To son Jabez all land lying between Nicholas' house and son Thomas Paines' house and 7 acres at the Bass Pond between Daniel Cole and Wm Browne's and half acre of marsh and 6 acres upland at Herring Pond and 1 1/2 acres of meadow at Silver Spring near Wm Walkers, and adjacent upland near Ephraime Doane and part of Nicholas' house that he now lives in. Also 2 acres of meadow at the Great Meadow between Eel Creek and Joseph Hardings and 4 acres meadow at Billignsgate and meadow about his house.

To loving wife Constant all stock of cattle, sheep, horses, swine, to support her, as well as all the moveable goods, which should be divided among all the children at her decease. Also part of house she now dwells in, which will go to Jabez at her death. Also 10 acres of upland at Pochett to leave to son Steven and 20 on Billingsgate Island, to leave to son Jabez.

He gave to Church of Eastham for the furniture of the Table of The Lord, with pewter or other nessesaries, 10 shillings after wife's death.

His household inventory totaled 102 pounds, 10 shillings, 9 pence was very long and detailed. It includes three hives of bees, coopers tools, carpenter tools, pewter, brass, iron and earthenware items, homemade cloth, woolen yarn, cows, oxen, sheep, pigs, silver money, looking glass, beer barrel, barrel of beef, deer skins, leather, spinning wheel, sheeps wool, bullets and powder, wheet, rye, a cart and wheels.

Nicholas could read as his inventory included "a parcel of old books,” a psalm book and 1 book.

On 6 March 1676/7 letters of administration were granted to Constant Snow, Mark Snow and John Snow, on the estate of Nicholas Snow deceased (PCR 5:220).

Constant Snow The Relict of Nicholas Snow late Deceased of Eastham made oath to the truth of this Inventory, before Mee John ffreeman Assistant this 22cond of March 1676/77.

Constance Snow died at Eastham in the middle of October 1677.

I recently visited Cove Burying Ground in Eastham where descendants have placed a stone to honor Constance’s memory. 


Cove Burying Ground, Eastham


CONSTANCE HOPKINS SNOW
1605-1677
MAYFLOWER PASSENGER
WIFE OF NICHOLAS SNOW, EASTHAM'S
FIRST TOWN CLERK 1646-1662


Sources Not Listed Above:
Eugene Stratton, Plymouth Colony, It's History and People, 1986
John Austin, Mayflower Families Through Five Generations, Stephen Hopkins, 1992
Caleb Johnson, The American Genealogist, "The True Origin of Stephen 1 Hopkins of the Mayflower," July 1998:
Robert Charles Anderson, The Great Migration Begins, 1995
Simeon Deyo, editor, "History of Barnstable County, Massachusetts," HW Blake & Co., New York, 1890
James W. Hawes, Nicholas 1 Snow of Eastham and Some of His Descendants, Library of Cape Cod History & Genealogy, 1916
Leonard Smith, Early Settlers of Eastham, Library of Cape Cod History & Genealogy, 1916



6 comments:

  1. Oh my word I am totally gobsmacked (hope you get the meaning!) Have just stumbled across your blog, as I was vaguely meandering the Ancestry website, and something made me dig into SNOW, Catherine Snow was my father's mother.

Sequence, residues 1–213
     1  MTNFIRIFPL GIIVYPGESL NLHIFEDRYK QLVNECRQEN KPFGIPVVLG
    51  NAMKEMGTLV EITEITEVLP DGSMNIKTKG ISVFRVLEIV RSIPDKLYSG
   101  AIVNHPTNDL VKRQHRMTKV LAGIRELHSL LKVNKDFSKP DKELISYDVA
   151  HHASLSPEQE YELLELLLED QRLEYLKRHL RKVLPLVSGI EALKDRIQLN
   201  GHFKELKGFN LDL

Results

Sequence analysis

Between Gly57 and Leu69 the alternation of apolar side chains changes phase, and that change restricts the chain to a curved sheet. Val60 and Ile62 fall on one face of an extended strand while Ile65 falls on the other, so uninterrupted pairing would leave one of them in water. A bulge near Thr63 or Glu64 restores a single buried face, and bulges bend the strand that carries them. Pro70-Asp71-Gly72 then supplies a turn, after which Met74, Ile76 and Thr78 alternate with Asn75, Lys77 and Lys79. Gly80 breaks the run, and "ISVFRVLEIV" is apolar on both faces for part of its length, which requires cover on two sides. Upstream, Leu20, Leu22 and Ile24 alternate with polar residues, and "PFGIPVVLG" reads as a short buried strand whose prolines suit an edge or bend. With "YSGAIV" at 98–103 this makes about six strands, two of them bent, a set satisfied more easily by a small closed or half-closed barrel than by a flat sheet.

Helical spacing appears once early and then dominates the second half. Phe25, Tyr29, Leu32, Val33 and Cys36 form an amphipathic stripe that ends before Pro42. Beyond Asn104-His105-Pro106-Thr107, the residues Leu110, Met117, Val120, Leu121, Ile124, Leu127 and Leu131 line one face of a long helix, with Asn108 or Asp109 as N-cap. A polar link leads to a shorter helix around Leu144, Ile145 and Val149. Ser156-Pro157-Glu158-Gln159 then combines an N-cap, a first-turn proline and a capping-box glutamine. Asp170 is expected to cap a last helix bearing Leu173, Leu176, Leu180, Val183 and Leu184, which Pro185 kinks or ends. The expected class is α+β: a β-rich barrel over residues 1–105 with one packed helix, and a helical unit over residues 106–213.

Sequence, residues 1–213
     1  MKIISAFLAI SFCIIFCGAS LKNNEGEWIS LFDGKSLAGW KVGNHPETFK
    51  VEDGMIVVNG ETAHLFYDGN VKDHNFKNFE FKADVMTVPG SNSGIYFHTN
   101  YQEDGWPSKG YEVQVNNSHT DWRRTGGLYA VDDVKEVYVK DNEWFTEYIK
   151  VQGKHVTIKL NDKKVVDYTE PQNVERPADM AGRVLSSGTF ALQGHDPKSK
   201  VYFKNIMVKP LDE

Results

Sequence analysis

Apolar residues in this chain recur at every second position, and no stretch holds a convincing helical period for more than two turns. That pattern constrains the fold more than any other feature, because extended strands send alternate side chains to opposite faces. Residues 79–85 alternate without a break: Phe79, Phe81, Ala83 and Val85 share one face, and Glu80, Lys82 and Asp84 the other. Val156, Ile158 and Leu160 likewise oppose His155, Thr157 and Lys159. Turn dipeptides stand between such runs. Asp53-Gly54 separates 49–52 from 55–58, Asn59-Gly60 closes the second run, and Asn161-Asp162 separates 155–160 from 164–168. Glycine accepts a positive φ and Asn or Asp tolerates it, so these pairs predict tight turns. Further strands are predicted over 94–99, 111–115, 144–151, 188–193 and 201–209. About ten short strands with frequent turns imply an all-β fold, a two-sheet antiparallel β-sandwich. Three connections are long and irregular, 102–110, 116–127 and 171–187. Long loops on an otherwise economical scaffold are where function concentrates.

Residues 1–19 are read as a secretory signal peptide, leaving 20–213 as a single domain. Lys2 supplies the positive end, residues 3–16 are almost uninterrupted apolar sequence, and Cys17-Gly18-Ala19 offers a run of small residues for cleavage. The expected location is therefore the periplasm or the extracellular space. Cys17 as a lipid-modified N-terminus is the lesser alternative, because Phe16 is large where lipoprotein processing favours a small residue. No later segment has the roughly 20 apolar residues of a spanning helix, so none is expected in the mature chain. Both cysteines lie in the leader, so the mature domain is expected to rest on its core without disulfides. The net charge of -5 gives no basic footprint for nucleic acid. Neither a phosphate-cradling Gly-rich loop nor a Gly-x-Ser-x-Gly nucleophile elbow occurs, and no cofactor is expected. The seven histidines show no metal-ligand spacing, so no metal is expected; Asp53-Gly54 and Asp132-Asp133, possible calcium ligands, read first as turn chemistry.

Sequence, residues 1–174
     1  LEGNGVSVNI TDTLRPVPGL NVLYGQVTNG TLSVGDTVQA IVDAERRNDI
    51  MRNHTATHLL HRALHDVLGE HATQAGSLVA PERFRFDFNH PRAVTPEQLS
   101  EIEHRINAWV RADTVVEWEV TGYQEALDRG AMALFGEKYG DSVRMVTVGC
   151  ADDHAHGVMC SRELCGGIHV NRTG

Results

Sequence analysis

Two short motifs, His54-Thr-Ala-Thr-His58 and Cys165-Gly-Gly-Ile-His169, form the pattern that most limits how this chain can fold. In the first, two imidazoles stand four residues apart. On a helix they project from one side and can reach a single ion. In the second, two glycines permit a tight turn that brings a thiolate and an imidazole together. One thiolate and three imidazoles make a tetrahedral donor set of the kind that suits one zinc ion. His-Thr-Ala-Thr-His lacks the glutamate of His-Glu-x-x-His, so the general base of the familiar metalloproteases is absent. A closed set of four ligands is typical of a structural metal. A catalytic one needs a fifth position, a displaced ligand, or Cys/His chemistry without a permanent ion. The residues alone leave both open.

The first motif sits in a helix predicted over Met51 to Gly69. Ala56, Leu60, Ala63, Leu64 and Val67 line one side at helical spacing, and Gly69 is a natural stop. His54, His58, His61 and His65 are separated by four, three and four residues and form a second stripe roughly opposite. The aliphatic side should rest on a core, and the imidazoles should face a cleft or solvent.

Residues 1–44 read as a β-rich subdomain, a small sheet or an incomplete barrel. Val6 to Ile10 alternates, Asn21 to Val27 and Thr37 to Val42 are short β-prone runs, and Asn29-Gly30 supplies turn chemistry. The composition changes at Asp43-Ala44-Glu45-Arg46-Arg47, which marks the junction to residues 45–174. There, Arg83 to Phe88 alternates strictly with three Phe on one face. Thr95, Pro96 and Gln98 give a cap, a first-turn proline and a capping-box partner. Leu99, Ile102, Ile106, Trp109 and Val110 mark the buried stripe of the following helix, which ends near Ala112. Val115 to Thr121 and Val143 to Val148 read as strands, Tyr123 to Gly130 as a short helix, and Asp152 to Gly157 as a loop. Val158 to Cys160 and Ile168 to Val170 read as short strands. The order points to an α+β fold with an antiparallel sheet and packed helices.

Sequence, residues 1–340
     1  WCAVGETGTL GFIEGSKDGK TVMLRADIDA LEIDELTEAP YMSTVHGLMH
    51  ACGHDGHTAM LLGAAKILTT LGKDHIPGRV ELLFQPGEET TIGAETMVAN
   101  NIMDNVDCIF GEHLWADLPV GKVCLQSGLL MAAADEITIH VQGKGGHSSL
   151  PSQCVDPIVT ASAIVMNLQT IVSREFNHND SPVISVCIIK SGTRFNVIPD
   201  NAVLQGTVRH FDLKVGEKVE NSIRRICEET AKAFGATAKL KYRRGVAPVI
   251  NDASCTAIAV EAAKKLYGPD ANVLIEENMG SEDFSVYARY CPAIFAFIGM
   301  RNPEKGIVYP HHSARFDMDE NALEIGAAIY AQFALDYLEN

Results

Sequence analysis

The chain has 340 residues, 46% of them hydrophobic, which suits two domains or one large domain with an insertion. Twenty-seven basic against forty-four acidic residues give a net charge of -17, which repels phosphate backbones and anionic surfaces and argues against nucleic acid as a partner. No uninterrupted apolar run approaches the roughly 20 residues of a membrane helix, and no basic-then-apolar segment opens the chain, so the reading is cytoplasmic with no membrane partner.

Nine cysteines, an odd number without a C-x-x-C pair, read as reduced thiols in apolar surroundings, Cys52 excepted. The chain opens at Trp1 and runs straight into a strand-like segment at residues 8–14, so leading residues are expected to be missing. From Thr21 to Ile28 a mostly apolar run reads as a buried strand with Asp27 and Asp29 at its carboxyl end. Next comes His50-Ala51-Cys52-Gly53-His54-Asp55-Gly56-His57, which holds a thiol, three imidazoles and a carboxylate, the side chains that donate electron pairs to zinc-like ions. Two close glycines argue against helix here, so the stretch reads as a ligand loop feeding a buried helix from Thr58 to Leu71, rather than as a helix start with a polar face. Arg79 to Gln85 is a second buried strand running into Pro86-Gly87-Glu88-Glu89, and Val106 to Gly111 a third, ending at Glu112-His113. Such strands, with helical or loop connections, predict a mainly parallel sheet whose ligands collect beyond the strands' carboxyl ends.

I had no idea at all that her fairly nearby generation ancestors came from the US, so I was intruiged!

    So I have just learnt about Nicholas and Constance on various forums and websites, and was already blown away by the whole Mayflower thing (was born in Southampton, so the Mayflower is important in our history!)

    Having read your blog, I am double-blown away by the remark about baptism entry for Constance, as Hursley is literally 5 minutes away from my present location!

    Do you know which Church it was? Not sure how old the present Church is, I will try to find out.

    BW
    Shelly

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    1. Hi Shelly: Your connection with Southampton and living near Hursley is amazing! That is a good question about which church. I'm not certain, but looking online it seems like Hursley is a tiny place, so it must be the All Saints Church, which has records going back to 1600. It does seem, though, that much of the church has been rebuilt. Here's one link about it:
      http://www.british-history.ac.uk/report.aspx?compid=42018

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    2. I just found this webpage---2 years after your entry!! I am from New England and it seems I am related to Constance and Nicholas too from their son Mark. My great grandmother was a Snow!!

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  2. I just found that both of my parents lines go back to Constance Hopkins who married Nicholas Snow. Elizabeth Snow-Rogers my fathers line and Jabez Snow my mothers line.
    Linda

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    Replies
    1. Hi Linda: Congrats on finding your Snow/Hopkins roots. Isn't it wild to find out your parents are related? I found that with my grandparents. Chris

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  3. Thank you for this information. Nicholas and Constance are my 9th great grandparents. I am always interested in hearing from my distant family.